Guidelines Women Should Follow for Early Detection of Breast Cancer
- Clinical Breast Examination (CBE)
- Breast Changes and Warning Signs To Watch For With Breast Self-Exam:
Early detection of breast cancer can lead to greater likelihood of cure. The American Cancer Society recommends the following guidelines for the detection of breast cancer in women who are asymptomatic (show no symptoms of breast cancer):
- Women 20-39 should have a physical examination of the breast (CBE or clinical breast exam) at least every three years, performed by health care professional such as a physician, physician assistant, nurse or nurse practitioner. CBE may often be received in the same appointment as a Pap smear. Women 20-39 should also perform monthly BSE.
- Women 40 and older should have a physical examination of the breast (CBE or clinical breast exam) every year, performed by a health care professional, such as a physician, physician assistant, nurse or nurse practitioner. CBE can often be performed in the same visit as a mammogram. Monthly BSE should also be performed.
- Women 40 years of age should receive a screening mammogram every year. The National Cancer Institute recommends mammography every one to two years for women between 40-50 years of age. Beginning at age 50, screening mammography should be performed every year.
In 2008, the American Cancer Society revised its guidelines to no longer recommend monthly breast self exams. This decision was made after several studies revealed that the exams do not increase the chances that women will survive breast cancer. Despite the change in position, the American Cancer Society and other organizations suggest that self exams can be performed to help detect changes in the breasts to call to a physician's attention. Women who perform self exams should consult a healthcare professional to determine how to correctly perform the exam. If women learn to perform BSE correctly, they can help detect changes and bring them promptly to a medical professional. Finding a breast cancer tumor when it is smaller improves the chances of saving a breast by avoiding a mastectomy, and may reduce the need for chemotherapy. Detailed information on breast self exam.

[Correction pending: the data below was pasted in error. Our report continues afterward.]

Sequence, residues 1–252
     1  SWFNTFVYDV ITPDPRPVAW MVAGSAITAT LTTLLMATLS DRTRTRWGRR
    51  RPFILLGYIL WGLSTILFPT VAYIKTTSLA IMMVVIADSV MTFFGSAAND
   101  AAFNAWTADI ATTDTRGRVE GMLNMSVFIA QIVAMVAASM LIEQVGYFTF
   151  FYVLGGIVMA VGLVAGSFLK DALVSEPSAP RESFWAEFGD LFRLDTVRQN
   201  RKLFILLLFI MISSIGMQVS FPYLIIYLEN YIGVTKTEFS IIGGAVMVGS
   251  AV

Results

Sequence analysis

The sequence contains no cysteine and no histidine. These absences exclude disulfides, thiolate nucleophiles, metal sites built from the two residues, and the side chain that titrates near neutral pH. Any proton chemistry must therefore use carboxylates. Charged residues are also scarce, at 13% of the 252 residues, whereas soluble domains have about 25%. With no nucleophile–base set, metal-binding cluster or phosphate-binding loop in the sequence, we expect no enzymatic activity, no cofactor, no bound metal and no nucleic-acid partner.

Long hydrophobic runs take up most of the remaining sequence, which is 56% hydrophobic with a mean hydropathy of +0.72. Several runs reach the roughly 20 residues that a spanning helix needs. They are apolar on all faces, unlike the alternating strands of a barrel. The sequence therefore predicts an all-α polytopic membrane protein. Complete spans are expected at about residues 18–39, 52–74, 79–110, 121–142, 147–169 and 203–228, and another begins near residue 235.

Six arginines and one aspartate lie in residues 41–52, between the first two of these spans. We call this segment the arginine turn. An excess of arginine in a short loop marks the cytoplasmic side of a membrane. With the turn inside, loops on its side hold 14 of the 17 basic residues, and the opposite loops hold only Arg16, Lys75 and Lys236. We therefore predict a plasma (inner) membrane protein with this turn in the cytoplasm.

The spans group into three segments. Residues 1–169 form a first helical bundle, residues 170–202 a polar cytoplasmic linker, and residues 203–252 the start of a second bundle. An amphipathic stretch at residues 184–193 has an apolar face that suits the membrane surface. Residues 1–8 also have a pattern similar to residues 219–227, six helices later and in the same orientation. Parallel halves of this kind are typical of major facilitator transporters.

Women with a high risk of breast cancer and/or family history of breast cancer are encouraged to consult their doctor or other trained medical professional about receiving annual screening mammograms starting between the ages of 30 and 40. Woman at a very high risk of breast cancer (such as those tested positive for the BRCA1 and BRCA2 breast cancer genes) should speak with their physician about beginning annual mammograms as early as age 25.
A clinical breast examination (CBE) is a physical examination of your breasts by a trained medical or health professional, such as a physician, nurse practitioner, nurse, or physicianâ€™s assistant. CBE includes inspection (looking) and palpation (feeling) of the entire breast/chest area including the lymph node areas above and below the collarbone and under each arm. Women should discuss breast-self examination techniques and personal findings with the healthcare professional performing their CBE. Women should also use the CBE session as an opportunity to learn how to correctly perform breast self-exam.
For the CBE examination, the patient undresses from the waist up. Using the pads of the fingers, the examiner will gently palpate (feel) each breast. Special attention will be given to the shape and texture of the breasts, location of any lumps, and whether such lumps are attached to the skin or to deeper tissues. The armpits and areas under both arms will also be examined.
A small percentage of breast cancers are not detected by mammography but can be felt during a clinical breast examination. Therefore it is important that a woman have both her mammogram and clinical breast exam done in the same month.
The earliest sign of breast cancer is usually an abnormality that shows up on an annual mammogram before a woman or her health care provider can feel it. The National Cancer Institute estimates that mammography can often detect very small cancers up to two years before it can be discovered by physical exam.